1112 16th Street, NW, Suite 600
Washington, DC, 20036
Sarah Anderson directs the Global Economy Project at the Institute for Policy Studies.
Sarah’s research covers a wide range of international and domestic economic issues, including trade, finance, inequality, and budget policies. Sarah is also a well-known expert on executive compensation, as the lead author of 20 annual “Executive Excess” reports that have received extensive media coverage.
She serves on the Investment Subcommittee of the U.S. State Department’s Advisory Committee on International Economic Policy (ACIEP). In 2009, this subcommittee carried out a review of the U.S. model bilateral investment treaty. In 2000, she served on the staff of the bipartisan International Financial Institutions Advisory Commission (“Meltzer Commission”), commissioned by the U.S. Congress to evaluate the World Bank and IMF. Sarah is a co-author of the books Field Guide to the Global Economy (New Press, 2nd edition, 2005) and Alternatives to Economic Globalization (Berrett-Koehler, 2nd edition, 2004).
Prior to coming to IPS in 1992, Sarah was a consultant to the U.S. Agency for International Development (1989-1992) and an editor for the Deutsche Presse-Agentur (1988). She holds a Masters in International Affairs from The American University and a BA in Journalism from Northwestern University.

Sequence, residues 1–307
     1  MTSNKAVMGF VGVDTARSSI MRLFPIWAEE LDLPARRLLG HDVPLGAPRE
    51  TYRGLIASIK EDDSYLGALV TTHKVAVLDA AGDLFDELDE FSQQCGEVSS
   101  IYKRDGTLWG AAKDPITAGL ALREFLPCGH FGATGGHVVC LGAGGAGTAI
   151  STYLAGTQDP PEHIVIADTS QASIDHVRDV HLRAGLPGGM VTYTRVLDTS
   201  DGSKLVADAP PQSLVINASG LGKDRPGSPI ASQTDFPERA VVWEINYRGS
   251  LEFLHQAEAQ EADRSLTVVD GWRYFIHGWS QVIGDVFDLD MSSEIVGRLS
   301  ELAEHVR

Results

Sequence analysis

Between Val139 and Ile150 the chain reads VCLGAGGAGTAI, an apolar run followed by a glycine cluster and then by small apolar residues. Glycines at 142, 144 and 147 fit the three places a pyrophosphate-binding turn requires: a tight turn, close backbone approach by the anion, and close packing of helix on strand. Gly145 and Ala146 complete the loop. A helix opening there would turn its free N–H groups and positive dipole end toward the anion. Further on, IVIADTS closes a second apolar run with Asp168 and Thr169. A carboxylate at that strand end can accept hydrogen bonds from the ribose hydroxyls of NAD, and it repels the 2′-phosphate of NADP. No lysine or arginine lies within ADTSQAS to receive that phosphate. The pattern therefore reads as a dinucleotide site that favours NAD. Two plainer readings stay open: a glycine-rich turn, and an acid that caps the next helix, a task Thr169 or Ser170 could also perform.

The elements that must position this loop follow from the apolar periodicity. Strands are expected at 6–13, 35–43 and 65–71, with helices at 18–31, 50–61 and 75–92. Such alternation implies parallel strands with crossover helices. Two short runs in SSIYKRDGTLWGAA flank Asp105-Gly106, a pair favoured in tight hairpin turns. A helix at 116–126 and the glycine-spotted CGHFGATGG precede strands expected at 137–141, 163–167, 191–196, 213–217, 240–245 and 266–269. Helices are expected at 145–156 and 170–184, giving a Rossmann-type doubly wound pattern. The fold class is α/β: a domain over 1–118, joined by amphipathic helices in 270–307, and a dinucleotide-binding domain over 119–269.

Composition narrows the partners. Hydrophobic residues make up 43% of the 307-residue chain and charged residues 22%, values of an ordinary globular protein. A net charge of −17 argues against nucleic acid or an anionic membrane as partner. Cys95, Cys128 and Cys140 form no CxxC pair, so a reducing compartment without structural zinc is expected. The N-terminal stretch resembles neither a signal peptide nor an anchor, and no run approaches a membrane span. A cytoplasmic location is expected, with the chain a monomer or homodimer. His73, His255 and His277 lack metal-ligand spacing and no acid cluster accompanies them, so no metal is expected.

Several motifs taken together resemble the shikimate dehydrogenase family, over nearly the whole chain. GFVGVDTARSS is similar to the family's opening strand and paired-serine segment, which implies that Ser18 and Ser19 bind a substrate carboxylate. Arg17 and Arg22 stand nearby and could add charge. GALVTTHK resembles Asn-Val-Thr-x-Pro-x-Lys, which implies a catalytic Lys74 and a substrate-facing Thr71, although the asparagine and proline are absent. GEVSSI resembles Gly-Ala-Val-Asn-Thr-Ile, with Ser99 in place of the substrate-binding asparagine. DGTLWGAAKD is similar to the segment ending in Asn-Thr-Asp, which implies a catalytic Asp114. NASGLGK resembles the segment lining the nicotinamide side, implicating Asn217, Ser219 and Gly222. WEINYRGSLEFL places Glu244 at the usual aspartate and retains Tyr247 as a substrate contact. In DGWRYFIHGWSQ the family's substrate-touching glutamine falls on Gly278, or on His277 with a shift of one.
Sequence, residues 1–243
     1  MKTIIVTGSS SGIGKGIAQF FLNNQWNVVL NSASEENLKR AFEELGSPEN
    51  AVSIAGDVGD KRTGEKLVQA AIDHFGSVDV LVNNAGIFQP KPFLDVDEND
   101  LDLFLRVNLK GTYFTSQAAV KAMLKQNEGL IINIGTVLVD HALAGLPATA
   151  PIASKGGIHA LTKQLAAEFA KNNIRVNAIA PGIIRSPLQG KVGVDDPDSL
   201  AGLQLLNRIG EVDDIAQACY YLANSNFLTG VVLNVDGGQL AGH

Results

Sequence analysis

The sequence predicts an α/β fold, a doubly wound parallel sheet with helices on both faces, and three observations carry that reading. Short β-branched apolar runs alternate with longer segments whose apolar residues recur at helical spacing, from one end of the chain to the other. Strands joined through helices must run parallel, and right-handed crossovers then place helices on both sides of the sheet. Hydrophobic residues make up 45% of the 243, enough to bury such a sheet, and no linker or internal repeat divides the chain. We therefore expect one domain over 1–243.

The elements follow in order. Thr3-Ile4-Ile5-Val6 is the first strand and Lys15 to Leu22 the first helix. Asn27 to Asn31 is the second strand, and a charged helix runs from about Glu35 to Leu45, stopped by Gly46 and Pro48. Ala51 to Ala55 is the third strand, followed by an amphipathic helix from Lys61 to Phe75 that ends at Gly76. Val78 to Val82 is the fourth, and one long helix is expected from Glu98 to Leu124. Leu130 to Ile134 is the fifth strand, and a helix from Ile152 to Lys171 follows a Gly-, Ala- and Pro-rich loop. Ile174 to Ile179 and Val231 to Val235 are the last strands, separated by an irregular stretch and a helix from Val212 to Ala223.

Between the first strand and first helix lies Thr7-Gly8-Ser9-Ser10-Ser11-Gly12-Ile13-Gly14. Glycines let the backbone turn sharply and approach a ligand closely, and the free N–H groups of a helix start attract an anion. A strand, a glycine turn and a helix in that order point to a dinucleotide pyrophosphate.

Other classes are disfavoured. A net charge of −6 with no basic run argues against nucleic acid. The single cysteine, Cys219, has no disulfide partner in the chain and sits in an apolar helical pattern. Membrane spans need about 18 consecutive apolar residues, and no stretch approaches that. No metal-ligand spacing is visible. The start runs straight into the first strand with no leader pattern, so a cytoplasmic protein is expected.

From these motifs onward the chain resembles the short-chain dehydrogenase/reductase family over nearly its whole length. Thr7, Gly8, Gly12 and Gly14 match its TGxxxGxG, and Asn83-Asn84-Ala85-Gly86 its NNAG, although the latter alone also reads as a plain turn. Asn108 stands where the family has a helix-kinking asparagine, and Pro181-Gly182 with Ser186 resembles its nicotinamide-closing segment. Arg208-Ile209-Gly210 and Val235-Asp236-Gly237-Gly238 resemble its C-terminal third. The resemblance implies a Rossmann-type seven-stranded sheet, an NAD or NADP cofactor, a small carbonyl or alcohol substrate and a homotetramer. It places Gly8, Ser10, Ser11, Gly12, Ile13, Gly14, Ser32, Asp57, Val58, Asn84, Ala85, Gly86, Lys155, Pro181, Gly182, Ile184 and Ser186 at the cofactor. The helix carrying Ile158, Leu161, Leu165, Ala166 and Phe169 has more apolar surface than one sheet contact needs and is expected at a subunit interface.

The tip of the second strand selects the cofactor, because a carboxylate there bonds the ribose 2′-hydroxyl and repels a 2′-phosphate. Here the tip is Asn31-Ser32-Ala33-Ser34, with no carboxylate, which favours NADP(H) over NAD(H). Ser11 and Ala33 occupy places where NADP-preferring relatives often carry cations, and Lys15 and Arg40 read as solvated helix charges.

The Dirt on Fix the Debt's Advocacy of a Territorial Tax System
June 17 - The "Fix the Debt" lobby group called a recent IPS report "lies and mudslinging." But rather than attacking IPS research, the group may want to focus on resolving their own inconsistencies.
New Report: Corporate Pirates of the Caribbean
June 12 - A new report looks at pro-austerity CEOs who seek to widen tax haven loopholes. Published in Marketwatch and Politico and The Huffington Post and Daily Kos and Truthout and AFL-CIO and Common Dreams.
Mining for Profits in International Tribunals - Updated
May 9 - How transnational corporations use trade and investment treaties as powerful tools in disputes over oil, mining, and gas. / Como las empresas mineras transnacionales utilizan las reglas de los acuerdos de inversión y de comercio como poderosos instrumentos a su favor en las disputas por el petróleo, la minería y el gas.